First, let's find out what your book is about.
The Kissing Hand is a book about Chester Raccoon who is about to start school and is suffering from separation anxiety from his mother Mrs. Raccoon. To help her tiny cub, Mrs. Raccoon tells him the story of The Kissing Hand and kisses the center of his palm. She tells him that whenever he feels lonely and needs a little loving from home, just press his hand to his cheek and think, “Mommy loves you.” On the way to night school, Chester Raccoon surprises his mother with a Kissing Hand of her own.
Tell us about your path to publication: Traditional or independent? Recently or further in the past?
My path to publication was very unconventional and unusual, to say the least; but not less difficult once getting started. I wrote a manuscript as a Christmas gift for the actors, dancers, backstage geniuses, teachers, and friends involved in my theater career in New York and Washington, D.C. in the later 1960’s. In 1970 I received a phone call that a publisher wanted to publisher my book. I asked them what book and they thought they had the wrong number. They asked my name and told me the name of the book, which just happened to be the name of my manuscript. To this day, I have no idea who sent it in. No one has ever come forth. The name of the book is Happy Apple Told Me.
What top factors do you believe put your e-book where it is now?
I truly believe that the subject matter of The Kissing Hand and its leading characters is the reason it has become the popular book, and now e-book, that it has become. Separation anxiety is a problem, not just for very young child, but for children of all ages and for many adults. It is not just the little ones who suffer from separation when they are dropped off at school; it is very often the parent. It was for me.
What is your target audience, and how do you believe the e-format works for that audience and serves their needs?
My target audience was originally set for children ages five through eight but has proven to be appropriate for everyone from newborns to youngsters leaving for college. Most children are introduced to my books when they first enter school when they hear The Kissing Hand, but several books, such as Chester Raccoon and The Big Bad Bully and A Kiss Goodbye carry them through the fourth grade or older. I believe that my book Chester Raccoon and The Acorn Full of Memories in which Mrs. Raccoon helps Chester and the forest of young animals deal with the death of a schoolmate should be in every school, home, library, nook, kindle, and funeral home in the country. It is enormously gentle and helpful to begin a discussion between an adult and a child about death and making memories.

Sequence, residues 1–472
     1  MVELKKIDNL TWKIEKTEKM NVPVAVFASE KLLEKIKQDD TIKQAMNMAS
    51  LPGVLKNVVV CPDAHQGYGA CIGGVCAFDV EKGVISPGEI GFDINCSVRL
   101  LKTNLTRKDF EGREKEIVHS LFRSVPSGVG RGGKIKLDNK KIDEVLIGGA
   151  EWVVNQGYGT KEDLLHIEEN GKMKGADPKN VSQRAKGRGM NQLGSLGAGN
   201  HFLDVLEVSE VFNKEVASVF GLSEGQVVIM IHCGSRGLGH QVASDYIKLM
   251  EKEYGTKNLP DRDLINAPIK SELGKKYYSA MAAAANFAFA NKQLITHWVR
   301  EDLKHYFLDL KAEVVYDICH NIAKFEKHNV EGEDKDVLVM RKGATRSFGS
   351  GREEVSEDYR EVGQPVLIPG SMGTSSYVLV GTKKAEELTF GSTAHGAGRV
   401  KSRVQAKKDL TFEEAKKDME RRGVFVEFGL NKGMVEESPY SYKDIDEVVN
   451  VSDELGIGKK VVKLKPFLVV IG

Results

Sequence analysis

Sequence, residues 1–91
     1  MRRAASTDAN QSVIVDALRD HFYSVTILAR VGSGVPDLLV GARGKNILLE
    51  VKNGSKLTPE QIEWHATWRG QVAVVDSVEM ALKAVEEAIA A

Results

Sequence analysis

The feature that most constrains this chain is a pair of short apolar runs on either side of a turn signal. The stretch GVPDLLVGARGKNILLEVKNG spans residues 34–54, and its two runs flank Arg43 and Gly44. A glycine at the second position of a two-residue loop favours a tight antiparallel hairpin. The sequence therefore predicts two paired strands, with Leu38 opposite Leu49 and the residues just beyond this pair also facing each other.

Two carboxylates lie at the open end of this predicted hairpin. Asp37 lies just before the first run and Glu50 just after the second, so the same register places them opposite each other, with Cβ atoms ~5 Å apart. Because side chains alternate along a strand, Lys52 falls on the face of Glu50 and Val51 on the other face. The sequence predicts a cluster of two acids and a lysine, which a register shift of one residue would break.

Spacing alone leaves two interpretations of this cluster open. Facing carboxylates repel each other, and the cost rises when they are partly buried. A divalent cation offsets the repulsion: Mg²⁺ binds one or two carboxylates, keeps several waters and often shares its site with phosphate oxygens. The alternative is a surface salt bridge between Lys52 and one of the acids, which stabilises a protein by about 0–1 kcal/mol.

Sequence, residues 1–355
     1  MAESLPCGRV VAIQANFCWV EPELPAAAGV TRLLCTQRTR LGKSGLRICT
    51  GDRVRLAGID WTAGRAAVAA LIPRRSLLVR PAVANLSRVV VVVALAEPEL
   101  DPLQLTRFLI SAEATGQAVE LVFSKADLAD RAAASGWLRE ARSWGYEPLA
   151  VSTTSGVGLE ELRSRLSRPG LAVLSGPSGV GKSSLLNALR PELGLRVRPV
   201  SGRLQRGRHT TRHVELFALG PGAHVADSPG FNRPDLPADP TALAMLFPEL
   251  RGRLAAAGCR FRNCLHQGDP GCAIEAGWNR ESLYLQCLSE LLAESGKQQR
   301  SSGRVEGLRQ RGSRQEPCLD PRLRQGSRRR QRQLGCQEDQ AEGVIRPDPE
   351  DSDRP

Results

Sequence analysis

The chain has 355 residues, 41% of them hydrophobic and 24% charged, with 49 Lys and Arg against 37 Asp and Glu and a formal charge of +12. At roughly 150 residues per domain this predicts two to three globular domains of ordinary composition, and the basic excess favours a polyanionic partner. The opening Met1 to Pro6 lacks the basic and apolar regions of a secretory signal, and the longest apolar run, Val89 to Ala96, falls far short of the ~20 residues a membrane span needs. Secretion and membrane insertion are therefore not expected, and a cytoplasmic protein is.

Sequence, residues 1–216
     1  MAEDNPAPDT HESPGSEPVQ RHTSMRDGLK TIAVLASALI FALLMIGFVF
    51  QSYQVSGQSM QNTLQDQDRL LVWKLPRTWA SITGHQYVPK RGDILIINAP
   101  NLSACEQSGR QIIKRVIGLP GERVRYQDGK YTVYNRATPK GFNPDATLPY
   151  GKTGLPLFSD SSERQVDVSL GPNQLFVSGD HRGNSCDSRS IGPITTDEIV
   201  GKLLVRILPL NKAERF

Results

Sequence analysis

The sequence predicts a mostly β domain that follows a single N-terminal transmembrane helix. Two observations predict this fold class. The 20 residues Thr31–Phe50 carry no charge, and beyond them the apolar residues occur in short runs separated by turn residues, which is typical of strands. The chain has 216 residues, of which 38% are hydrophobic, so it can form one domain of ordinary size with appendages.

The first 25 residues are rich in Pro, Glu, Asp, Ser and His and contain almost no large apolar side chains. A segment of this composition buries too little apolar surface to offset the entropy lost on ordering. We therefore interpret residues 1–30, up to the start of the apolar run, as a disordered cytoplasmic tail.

I was initially against all e-books when it came to children’s books. Children are already too tied to e-games, e-movies, and the cyber world as a whole. All children deserve to know the feeling of making a best friend that lives between the pages of a book that he or she can run to at any time and know that they will be there no matter what to comfort them, entertain them, and secure them into knowing that some things will always stay the same. A book is forever and there is nothing like the artwork and the phrasing in the big pages of a children’s book where the drawings are in proportion to the big people across the room. But.., teachers and students have recently made me aware that children who were once non-readers have become avid readers because of e-books, and that literacy has increased greatly because of e-books as well. If this is the case, I think it is wonderful. As for hearing myself read the nook version of the book; that pleases me.
To learn more about Audrey Penn and her books (The Kissing Hand is part of a series) visit her website.